What languages do you speak and/or study?
I have studied Arabic and Tibetan formally during my time at Colgate, and I’ve studied Spanish since high school and now speak it fluently. I also speak a bit of French learned in high school. I learned Portuguese informally in Brazil, but my Portuguese is pretty bad – I need to be going to Table of Babel to brush up!
How has language study been different for you at Colgate than it was in high school?
I’m from Southern California, and I definitely had a lot more exposure to Spanish and Spanish speakers while I was learning that language – as opposed to Hamilton, where my use of Arabic is primarily contained to the classroom. The other main difference in language study here is that while I have a lot less actual class time than I had in high school, I’ve committed a much larger portion of my time in general to studying and speaking the languages that I’m learning.
What has been your favorite language class or professor on campus?
I’ll always have a special place in my heart for Shaemma Essa, an Arabic instructor who is sadly not teaching at Colgate any more. She is finishing up her degree at McGill and I miss her every day!
Have you done any interesting research projects at Colgate?
I have done mini research projects on chess, radio, and sustainable building methods in Peru, Mexico, and Colombia. These experiences gave me the opportunity to practice my Spanish in three different cultures and contexts. Using Spanish during those projects helped me to understand WAY more than I would have otherwise.
What else do you study besides languages? Do you see crossover between your fields of study?
My major is Peace and Conflict Studies – and absolutely! There are so many ties between language skills and peacemaking – and in being able to resolve conflicts and differences. The root of tolerance is understanding, which has to be reached by communication. I think they are connected in every way.
Have you received any scholarships or fellowships for language study?
I haven’t received any formal language scholarships from Colgate, but I received summer funding after my freshman year to travel to Amman, Jordan and practice my Arabic. I also received funding last summer to travel to Yogyakarta, Indonesia, where I picked up some Indonesian.
Have you been able to study abroad? What was your experience like, and how did it contribute to your education at Colgate?
I studied abroad in Kathmandu, Nepal – and I absolutely loved my time in Nepal. The people I met there – from the people on my program and the staff, the instructors, and my language partners – made my experience so memorable. We learned so much about Tibetan and Himalayan cultures and experiences, traveled to beautiful places, pushed ourselves past our comfort zones, and made beautiful memories together. You can read more about my study abroad experience in this series: http://blogs.colgate.edu/bentonscholars/category/tbs-abroad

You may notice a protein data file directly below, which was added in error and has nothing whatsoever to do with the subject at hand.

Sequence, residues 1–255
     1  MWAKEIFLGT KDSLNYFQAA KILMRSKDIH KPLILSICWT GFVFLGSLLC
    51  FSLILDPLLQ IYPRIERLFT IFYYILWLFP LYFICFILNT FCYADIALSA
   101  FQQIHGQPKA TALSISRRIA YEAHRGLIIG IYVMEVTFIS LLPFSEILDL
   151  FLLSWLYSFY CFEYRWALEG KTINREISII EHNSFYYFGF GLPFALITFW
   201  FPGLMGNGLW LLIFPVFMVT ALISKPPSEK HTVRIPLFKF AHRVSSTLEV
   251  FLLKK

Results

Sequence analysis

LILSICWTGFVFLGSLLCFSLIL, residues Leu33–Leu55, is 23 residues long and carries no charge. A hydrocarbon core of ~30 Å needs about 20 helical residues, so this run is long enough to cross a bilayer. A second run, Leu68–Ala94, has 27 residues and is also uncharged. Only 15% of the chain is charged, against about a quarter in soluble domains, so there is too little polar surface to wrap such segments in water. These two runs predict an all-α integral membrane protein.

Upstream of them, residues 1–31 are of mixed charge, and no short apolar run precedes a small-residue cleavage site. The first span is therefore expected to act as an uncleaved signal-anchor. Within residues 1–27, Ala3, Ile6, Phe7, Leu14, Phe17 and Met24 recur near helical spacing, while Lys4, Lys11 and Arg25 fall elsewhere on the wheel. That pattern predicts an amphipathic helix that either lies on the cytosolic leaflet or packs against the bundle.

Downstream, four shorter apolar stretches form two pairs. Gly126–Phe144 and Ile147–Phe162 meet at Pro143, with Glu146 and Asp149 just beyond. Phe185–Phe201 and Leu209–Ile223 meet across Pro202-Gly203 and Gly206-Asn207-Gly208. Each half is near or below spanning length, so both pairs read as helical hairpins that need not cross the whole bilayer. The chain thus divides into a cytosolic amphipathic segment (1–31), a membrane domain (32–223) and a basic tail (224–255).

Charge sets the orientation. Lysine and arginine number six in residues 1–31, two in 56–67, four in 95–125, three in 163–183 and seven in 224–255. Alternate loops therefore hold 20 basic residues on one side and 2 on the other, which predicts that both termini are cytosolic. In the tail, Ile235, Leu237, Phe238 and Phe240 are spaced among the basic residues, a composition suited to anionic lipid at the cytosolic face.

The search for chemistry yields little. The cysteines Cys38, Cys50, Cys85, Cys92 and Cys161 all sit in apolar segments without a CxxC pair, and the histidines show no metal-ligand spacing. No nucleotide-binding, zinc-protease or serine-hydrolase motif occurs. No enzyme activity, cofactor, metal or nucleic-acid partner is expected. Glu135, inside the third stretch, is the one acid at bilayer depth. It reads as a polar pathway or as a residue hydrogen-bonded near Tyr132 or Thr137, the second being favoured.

What recommendations would you have for someone who wants to learn the languages that you study?
Don’t be afraid to make mistakes! The best way to learn a language is to lose all shame and self-consciousness, and just throw yourself into learning. If you approach it with hesitation and nervousness, you won’t actually be absorbing what you learn. Make your mistakes and laugh them off. You’ll be better off for it!
Why do you think studying languages is important?
Having the ability to connect with others – even on a basic level with “hellos” and “how are yous” – can transform your relationship with people and places. It leads to more cross-cultural understanding and tolerance and is tied inextricably to world peace. When we try to understand each other and build relationships, that’s where magic happens.
What impact do you see language study having on the rest of your life? Do you have any future plans that involve languages?
I plan to have an international career, although I’m not exactly sure of the field yet. I know that whatever I choose to do will involve language in some aspect, and it’s important for both my personal and career fulfillment to be able to communicate well. I recently received a Projects for Peace Fellowship, so I will be in Timor-Leste during the summer of 2019. I plan to improve both my Indonesian and my Portuguese while I’m there, as both languages are spoken on the island. Since my project under this fellowship is about peace and reconciliation, I think my knowledge of languages will be crucial.